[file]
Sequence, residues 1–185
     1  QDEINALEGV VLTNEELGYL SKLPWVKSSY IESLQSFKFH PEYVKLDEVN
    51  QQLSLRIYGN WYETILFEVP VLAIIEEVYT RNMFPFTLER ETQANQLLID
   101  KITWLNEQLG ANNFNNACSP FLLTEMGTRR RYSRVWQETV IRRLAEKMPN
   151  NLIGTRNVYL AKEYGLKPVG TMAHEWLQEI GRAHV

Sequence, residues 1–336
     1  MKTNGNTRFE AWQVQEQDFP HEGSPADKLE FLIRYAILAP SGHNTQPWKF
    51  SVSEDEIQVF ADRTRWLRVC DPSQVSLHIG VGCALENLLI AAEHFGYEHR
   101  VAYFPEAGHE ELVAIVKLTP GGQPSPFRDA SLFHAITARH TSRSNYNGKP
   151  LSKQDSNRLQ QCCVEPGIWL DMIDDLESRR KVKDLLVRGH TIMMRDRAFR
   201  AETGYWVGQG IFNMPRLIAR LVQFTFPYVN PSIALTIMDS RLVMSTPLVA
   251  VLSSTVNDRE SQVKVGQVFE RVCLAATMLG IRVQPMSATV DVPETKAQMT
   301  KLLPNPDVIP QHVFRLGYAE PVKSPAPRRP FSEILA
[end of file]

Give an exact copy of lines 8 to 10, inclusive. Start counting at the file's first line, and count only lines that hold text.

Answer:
    51  SVSEDEIQVF ADRTRWLRVC DPSQVSLHIG VGCALENLLI AAEHFGYEHR
   101  VAYFPEAGHE ELVAIVKLTP GGQPSPFRDA SLFHAITARH TSRSNYNGKP
   151  LSKQDSNRLQ QCCVEPGIWL DMIDDLESRR KVKDLLVRGH TIMMRDRAFR